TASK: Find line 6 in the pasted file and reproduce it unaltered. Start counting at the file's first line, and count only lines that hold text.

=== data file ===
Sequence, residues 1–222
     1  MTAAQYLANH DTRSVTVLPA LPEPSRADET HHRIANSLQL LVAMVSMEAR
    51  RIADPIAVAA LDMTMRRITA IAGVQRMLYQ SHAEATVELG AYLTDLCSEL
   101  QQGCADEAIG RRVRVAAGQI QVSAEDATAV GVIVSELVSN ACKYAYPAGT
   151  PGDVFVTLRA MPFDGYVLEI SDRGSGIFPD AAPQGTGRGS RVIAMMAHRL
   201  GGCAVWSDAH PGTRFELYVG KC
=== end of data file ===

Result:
   201  GGCAVWSDAH PGTRFELYVG KC